Congress' already-dismal approval rating sank again this month, tying its all time low of 10 percent, according to a Gallup poll released Tuesday.
"Americans' views of Congress are so bad that it has now been more than a year since Gallup's monthly assessment was as high as 20 percent," a Gallup analysis said.
Gallup said it was difficult to pinpoint exactly why the rating had tied its low mark, recorded in February. The pollster has been asking about Congress for 38 years.
The economy, it said, is a major reason for the low marks, and "the fact that control of Congress is now divided, with a Republican majority in the House and a Democratic majority in the Senate, may provide an opportunity for Americans of all political persuasions to dislike some aspect of Congress."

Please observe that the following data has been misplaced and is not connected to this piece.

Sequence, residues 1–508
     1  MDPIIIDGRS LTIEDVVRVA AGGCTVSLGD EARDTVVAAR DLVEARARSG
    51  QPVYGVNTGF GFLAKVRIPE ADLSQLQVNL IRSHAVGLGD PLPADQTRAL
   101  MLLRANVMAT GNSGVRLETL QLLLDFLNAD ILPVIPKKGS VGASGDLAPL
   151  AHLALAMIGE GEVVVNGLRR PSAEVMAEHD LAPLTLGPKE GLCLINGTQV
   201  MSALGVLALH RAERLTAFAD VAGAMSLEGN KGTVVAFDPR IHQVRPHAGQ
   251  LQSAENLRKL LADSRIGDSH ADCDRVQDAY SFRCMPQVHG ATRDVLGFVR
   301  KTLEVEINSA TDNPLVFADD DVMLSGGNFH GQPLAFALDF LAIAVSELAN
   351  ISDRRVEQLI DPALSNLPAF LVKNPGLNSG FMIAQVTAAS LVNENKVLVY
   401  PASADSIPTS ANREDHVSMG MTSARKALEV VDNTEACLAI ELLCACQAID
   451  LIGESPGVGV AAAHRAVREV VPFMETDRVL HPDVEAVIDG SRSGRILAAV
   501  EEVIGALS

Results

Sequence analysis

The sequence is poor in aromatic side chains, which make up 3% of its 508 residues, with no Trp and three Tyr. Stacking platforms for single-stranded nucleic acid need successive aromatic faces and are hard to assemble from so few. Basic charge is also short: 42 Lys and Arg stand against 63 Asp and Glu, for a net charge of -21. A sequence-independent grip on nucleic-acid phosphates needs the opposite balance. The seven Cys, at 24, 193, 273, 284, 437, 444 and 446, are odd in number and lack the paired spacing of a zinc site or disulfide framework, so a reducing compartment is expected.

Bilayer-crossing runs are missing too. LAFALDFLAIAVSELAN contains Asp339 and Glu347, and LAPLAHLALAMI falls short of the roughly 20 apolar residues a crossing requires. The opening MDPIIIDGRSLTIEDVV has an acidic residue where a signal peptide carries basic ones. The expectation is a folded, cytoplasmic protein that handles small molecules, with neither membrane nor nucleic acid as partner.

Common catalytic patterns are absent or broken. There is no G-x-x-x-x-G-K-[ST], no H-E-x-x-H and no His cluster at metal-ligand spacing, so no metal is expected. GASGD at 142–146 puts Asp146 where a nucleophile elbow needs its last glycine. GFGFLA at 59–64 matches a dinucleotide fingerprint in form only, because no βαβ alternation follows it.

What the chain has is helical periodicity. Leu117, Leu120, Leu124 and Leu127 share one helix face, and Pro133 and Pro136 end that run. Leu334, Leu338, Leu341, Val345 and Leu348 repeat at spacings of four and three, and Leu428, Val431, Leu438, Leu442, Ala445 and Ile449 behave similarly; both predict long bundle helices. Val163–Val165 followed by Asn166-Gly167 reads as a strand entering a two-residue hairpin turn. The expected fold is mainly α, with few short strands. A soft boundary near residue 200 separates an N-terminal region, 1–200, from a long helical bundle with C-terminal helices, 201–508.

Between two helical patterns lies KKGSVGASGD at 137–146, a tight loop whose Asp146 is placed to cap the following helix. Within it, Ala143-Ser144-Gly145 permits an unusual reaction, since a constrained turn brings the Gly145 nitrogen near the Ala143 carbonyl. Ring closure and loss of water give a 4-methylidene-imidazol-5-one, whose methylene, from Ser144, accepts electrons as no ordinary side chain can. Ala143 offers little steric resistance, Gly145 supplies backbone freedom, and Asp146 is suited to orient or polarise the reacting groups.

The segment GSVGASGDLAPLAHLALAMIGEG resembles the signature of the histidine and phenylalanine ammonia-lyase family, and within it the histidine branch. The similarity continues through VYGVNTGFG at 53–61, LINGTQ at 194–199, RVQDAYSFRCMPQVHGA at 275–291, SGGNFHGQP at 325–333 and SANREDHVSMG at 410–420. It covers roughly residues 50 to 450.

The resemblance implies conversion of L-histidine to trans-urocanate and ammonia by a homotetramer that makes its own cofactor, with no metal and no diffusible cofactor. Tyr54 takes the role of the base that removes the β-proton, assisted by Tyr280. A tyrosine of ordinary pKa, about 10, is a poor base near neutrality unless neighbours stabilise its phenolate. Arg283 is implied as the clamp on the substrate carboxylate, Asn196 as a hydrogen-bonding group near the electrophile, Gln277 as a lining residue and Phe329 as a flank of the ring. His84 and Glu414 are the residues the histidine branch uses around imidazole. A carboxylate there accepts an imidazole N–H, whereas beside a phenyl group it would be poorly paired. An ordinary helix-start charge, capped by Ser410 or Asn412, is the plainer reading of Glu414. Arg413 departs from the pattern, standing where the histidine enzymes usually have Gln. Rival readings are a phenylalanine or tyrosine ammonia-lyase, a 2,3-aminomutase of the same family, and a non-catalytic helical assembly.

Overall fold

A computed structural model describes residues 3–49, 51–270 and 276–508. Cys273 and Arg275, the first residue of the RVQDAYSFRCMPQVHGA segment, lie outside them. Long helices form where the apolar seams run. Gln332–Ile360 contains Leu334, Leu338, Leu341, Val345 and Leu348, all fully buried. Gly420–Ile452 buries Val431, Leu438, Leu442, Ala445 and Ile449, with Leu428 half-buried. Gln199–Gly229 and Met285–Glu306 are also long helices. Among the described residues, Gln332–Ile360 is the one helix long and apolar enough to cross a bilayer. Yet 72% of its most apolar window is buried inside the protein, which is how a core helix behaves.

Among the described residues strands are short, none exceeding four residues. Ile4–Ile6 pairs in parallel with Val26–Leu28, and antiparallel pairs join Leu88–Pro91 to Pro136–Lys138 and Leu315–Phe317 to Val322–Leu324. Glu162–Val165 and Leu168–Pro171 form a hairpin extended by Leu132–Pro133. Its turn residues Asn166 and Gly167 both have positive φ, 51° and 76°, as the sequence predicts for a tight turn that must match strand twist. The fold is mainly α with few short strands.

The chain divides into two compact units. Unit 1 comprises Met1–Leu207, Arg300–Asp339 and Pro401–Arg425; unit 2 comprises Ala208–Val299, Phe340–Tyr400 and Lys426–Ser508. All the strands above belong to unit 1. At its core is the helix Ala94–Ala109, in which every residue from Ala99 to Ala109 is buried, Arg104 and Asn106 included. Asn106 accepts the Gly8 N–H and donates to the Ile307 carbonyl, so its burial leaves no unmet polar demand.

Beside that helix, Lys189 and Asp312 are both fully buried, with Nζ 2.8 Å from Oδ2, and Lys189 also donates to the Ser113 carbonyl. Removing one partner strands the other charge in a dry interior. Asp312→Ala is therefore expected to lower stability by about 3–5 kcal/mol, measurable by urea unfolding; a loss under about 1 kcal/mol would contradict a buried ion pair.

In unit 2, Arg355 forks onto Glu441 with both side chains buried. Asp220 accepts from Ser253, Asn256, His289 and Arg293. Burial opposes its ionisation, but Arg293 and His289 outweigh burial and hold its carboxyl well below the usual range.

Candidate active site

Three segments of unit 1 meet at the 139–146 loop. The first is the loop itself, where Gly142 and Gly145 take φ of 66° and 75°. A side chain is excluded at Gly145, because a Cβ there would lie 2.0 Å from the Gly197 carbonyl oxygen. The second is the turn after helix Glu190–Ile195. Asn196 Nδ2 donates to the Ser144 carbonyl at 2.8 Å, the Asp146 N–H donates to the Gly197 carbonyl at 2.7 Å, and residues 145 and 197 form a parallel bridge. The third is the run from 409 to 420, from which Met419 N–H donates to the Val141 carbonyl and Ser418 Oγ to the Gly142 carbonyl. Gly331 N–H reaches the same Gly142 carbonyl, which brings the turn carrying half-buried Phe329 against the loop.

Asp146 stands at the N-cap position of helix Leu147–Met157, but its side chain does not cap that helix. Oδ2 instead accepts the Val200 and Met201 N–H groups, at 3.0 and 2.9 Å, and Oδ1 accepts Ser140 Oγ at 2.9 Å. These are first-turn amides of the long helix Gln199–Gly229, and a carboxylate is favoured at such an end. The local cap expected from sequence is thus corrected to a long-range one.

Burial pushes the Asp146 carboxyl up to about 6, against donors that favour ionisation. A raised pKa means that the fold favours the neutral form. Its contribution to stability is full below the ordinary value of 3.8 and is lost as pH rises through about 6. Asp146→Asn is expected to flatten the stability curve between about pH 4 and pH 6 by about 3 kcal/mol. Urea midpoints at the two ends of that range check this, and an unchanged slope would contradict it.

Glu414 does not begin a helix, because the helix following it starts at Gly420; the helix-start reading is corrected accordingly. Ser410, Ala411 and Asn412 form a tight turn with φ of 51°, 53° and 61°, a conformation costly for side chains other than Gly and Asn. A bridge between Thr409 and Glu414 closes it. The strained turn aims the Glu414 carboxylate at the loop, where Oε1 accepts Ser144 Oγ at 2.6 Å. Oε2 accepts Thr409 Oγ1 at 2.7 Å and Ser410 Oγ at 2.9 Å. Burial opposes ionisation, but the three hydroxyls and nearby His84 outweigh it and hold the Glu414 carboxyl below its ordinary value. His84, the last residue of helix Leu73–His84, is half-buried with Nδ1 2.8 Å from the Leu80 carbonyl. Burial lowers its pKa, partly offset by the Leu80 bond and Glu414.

Congress left last week for an extended summer recess, and plans to be back in mid-September. Lawmakers are not expected to approve a formal budget for the 2013 fiscal year, which begins Oct. 1, and are not seen as taking action on a number of major fiscal issues, such as extending the expiring Bush era tax cuts, until after the November election.
It's hard to say what effect the low rating will have on this fall's congressional elections, Gallup said. Independent analysts do not expect much of a shakeup, since each party's loyalists tend to blame the other side for the inertia.
Gallup surveyed 1,102 adults from August 9 to 12. Margin of error is plus or minus 4 percentage points.